|Mitochondria||Sites of cellular respiration, the metabolic process that generates ATP by extracting energy from sugars, fats, and other fuels with the help of oxygen.|
|Chloroplasts|| Found in plants and algae|
Sites of photosynthesis, they convert solar energy to chemical energy by absorbing sunlight and using it to drive the synthesis of sugars from CO2 and H2O.
|Peroxisome [6.5]||An oxidative organelle that is not part of the endomembrane system. It imports its proteins primarily from the cytosol.|
|Sight of Cellular Respiration||Mitochondrion|
|Cristae [6.5]||Infoldings of the inner membrane of a mitochondrion that houses the electon transport chain and the enzyme catalyzing the synthesis of ATP.|
|Mitochondrial Matrix [6.5]|| Enclosed by the inner membrane|
Contains many different enzymes as well as the mitochondrial DNA and ribosomes.
|Sight of Photosynthesis||Chloroplast|
|Plastids [6.5]||Group of plant organelles that are used for storage of starches, lipids, or pigments.|
|Thylakoids [6.5]||A flattened membrane sac inside the chloroplast, used to convert light energy to chemical energy.|
|Granum [6.5]||A stack of thylakoids.|
|Stroma [6.5]||The fluid outside the thylakoids, which contains the chloroplast DNA and ribosomes as well as many enzymes.|
|Glyoxysomes||Specialized peroxisomes that are found in the fat-storage tissues of plant seeds.|
|Cytoskeleton [6.6]|| A network of fibers extending throughout the cytoplasm.|
Plays a major role in organizing the structures and activities of the cell.
Composed of microtubules, microfilaments, and intermediate filaments
|Motor Protein [6.6]||A protein that interacts with cytoskeletal elements and other cell components, producing movement of the whole cell or parts of the cell.|
|Microtubules [6.6]|| Hollow tubes|
Functions in the maintenance of cell shape, cell motility, chromosome movements in cell division, and organelle movements.
Thickest of the three types
|Centrosome [6.6]||Microtubules grow out from here, a region that is often located near the nucleus and is considered a "microtubule-organizing center."|
|Centrioles|| Within the centrosome...|
Compose of nine sets of triplet microtubules arranged in a ring.
|Flagella [6.6]||Long, thin, whip-like structures, with a core of microtubules, that enable some cells to move.|
|Cilia [6.6]||The hairlike projections on the outside of cells that move in a wavelike manner.|
|Basal Body [6.6]||A eukaryotic cell organelle consisting of a 9 + 0 arrangement of microtubule triplets; may organize the microtubule assembly of a cilium or flagellum; structurally identical to a centriole.|
|Dyneins [6.6]||Large motor proteins, composed of several polypeptides.|
|Microfilaments [6.6]|| Two intertwined strands of actin|
Functions in maintenance of cell shape, changes in cell shape, muscle contraction, cell motility, and cell division.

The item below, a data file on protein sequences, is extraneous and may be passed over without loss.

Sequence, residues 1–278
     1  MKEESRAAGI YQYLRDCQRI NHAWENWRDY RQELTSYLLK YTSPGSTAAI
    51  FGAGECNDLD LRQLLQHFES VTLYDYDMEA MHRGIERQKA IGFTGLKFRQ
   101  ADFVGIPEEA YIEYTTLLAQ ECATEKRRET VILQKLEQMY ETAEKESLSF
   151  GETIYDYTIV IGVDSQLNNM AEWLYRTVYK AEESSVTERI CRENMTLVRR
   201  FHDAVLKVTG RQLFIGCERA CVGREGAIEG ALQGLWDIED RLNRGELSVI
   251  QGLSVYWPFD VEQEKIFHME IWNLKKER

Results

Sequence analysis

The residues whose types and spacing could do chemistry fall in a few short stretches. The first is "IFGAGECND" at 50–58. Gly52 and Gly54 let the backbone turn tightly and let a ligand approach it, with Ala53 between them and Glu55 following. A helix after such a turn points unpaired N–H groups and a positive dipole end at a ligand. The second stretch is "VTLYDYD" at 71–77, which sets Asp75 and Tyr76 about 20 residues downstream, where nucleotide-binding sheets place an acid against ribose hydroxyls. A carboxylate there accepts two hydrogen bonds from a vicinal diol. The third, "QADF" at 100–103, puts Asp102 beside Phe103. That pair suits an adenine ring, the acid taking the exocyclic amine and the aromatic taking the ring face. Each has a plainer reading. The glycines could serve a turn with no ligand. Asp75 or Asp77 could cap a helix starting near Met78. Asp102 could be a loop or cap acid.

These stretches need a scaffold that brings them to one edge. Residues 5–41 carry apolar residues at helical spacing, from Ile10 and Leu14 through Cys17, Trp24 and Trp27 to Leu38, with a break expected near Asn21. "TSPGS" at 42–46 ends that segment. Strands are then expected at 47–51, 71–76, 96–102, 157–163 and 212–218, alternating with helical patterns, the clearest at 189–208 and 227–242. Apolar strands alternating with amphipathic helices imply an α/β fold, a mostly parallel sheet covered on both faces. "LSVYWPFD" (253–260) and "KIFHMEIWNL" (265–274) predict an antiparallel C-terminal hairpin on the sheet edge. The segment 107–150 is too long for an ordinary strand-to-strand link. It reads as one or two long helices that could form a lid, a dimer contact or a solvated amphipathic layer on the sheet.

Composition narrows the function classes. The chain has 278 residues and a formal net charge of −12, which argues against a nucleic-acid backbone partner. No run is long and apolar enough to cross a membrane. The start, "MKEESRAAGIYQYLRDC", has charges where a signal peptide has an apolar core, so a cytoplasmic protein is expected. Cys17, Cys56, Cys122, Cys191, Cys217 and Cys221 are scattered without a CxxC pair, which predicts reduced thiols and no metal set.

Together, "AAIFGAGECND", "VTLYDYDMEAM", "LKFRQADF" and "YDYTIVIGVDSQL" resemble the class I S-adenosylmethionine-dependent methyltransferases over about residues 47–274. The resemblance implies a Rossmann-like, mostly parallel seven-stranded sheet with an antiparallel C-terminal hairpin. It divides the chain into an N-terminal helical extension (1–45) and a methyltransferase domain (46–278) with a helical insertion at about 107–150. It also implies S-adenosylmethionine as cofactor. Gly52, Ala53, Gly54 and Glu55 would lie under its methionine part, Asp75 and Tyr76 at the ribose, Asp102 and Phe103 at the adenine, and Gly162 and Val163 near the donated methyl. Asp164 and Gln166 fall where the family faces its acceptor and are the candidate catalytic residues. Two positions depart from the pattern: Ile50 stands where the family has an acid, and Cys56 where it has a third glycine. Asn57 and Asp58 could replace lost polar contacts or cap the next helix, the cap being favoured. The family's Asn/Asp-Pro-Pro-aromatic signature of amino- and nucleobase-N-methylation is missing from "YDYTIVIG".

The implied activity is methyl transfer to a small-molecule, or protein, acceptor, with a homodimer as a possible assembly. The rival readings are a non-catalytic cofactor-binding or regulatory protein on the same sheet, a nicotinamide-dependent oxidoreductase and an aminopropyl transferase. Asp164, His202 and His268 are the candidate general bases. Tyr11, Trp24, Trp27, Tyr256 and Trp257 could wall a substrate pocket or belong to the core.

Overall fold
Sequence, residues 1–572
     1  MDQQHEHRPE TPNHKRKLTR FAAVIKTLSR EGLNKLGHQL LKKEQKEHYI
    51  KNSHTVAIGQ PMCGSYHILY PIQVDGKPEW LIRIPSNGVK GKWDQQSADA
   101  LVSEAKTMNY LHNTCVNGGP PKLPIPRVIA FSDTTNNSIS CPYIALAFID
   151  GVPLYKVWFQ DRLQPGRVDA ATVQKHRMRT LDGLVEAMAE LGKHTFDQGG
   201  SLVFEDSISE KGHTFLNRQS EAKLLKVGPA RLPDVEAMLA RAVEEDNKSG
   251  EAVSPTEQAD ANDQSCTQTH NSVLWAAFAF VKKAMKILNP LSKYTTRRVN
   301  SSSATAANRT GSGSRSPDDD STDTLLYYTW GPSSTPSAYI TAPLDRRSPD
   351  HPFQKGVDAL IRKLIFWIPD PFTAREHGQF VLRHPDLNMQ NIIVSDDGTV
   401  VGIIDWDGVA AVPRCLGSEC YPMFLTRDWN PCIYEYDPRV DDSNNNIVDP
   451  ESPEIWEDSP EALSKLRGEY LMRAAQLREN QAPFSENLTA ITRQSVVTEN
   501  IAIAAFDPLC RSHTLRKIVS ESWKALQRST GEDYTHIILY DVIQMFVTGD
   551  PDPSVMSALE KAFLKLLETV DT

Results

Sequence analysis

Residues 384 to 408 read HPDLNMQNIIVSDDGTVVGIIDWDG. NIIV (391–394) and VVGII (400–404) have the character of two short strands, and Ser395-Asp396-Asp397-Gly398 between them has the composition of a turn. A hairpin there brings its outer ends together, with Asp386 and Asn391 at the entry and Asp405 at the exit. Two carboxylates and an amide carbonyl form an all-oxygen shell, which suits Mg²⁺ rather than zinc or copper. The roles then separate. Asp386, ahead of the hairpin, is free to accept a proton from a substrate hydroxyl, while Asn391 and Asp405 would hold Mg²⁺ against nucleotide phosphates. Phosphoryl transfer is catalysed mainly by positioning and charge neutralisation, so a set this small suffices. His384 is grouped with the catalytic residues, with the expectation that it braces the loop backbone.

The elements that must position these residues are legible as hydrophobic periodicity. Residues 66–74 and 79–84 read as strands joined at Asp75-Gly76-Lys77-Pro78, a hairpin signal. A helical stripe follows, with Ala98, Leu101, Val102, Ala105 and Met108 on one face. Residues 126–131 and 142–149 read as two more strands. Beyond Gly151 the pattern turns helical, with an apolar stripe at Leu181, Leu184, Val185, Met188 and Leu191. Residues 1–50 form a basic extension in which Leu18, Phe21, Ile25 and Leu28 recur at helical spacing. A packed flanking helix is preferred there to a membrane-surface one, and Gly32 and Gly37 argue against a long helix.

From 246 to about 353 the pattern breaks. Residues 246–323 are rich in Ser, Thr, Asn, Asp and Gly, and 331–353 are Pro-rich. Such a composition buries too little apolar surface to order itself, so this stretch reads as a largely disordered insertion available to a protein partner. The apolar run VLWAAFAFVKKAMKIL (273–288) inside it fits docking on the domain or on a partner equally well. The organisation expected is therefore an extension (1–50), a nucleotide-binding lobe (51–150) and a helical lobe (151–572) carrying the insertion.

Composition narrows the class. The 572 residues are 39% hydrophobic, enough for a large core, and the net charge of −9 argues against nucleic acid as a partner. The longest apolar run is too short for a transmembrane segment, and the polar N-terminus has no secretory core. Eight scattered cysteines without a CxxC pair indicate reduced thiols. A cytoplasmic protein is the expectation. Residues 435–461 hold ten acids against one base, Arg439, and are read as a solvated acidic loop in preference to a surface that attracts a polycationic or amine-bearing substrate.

|Actin [6.6]||A globular protein that links into chains, two of which twist helically about each other, forming microfilaments (actin filaments) in muscle and other kinds of cells.|
|Cortex [6.6]||The tissue forming the outer layer of an organ or structure in plant or animal.|
|Myosin [6.6]||A protein present in muscle fibers that aids in contraction and makes up the majority of muscle fiber.|
|Pseudopodia [6.6]||A cellular extension of amoeboid cells used in moving and feeding.|
|Cytoplasmic Streaming [6.6]||A circular flow of cytoplasm within cells. This movement speeds the distribution of materials within the cell.|
|Intermediate Filaments [6.6]|| Fibrous proteins supercoiled into thicker cables|
Functions in maintenance of cell shape, anchorage of nucleus and certain organelles, and formation of nuclear lamina.
|Cell Wall [6.7]|| An extracellular structure of plant cells that distinguishes them from animal cells.|
The wall protects the plant cell, maintains its shape, and prevents excessive uptake of water.
|Primary Cell Wall [6.7]||A relatively thin and flexible wall secreted by a young plant cell.|
|Middle Lamella [6.7]|| Between primary walls of adjacent cells|
A thin layer rich in sticky polysaccharides called pectins.
|Secondary Cell Wall [6.7]|| Between the plasma membrane and the primary wall.|
Often deposited in several laminated layers, has a strong and durable matrix that affords the cell protection and support.
|Extracellular Matrix (ECM) [6.7]||The substance in which animal tissue cells are embedded, consisting of protein and polysaccharides.|
|Collagen [6.7]||Forms strong fibers outside the cells.|
|Proteoglycans [6.7]||A glycoprotein consisting of a small core protein with many carbohydrate chains attached, found in the extracellular matrix of animal cells.|
|Fibronectin [6.7]||A glycoprotein that helps cells attach to the extracellular matrix.|
|Integrins [6.7]||A receptor protein built into the plasma membrane that interconnects the extracellular matrix and the cytoskeleton.|
|Plasmodesmata [6.7]||Open channels in the cell wall of a plant through which strands of cytosol connect from an adjacent cell.|
|Tight Junction [6.7]||A type of intercellular junction in animal cells that prevents the leakage of material between cells.|
|Desmosomes [6.7]|| Function like rivets, fastening cells together into strong sheets. Attach to muscle cells to each other in a muscle.|
|Gap Junctions|| Provide cytoplasmic channels from one cell to another with special membrane proteins. |
Similar in function to the plasmodesmata in plants.